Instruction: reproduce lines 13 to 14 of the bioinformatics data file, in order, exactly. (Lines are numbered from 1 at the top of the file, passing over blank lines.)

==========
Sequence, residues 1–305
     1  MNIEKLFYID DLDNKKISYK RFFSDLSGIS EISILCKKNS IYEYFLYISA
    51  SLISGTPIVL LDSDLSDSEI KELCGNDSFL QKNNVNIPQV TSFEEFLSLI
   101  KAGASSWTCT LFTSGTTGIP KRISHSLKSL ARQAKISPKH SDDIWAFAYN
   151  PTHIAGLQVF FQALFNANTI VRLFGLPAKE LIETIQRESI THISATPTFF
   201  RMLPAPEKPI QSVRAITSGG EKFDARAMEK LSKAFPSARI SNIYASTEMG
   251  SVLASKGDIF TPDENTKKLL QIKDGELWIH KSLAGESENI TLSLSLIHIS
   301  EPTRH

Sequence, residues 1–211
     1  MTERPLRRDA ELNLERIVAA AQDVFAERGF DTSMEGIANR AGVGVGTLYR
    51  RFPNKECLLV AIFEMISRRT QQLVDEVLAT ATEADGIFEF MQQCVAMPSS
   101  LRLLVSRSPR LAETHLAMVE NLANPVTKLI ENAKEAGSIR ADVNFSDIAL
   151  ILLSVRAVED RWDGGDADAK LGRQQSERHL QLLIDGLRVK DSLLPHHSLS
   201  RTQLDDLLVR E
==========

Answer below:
   151  ILLSVRAVED RWDGGDADAK LGRQQSERHL QLLIDGLRVK DSLLPHHSLS
   201  RTQLDDLLVR E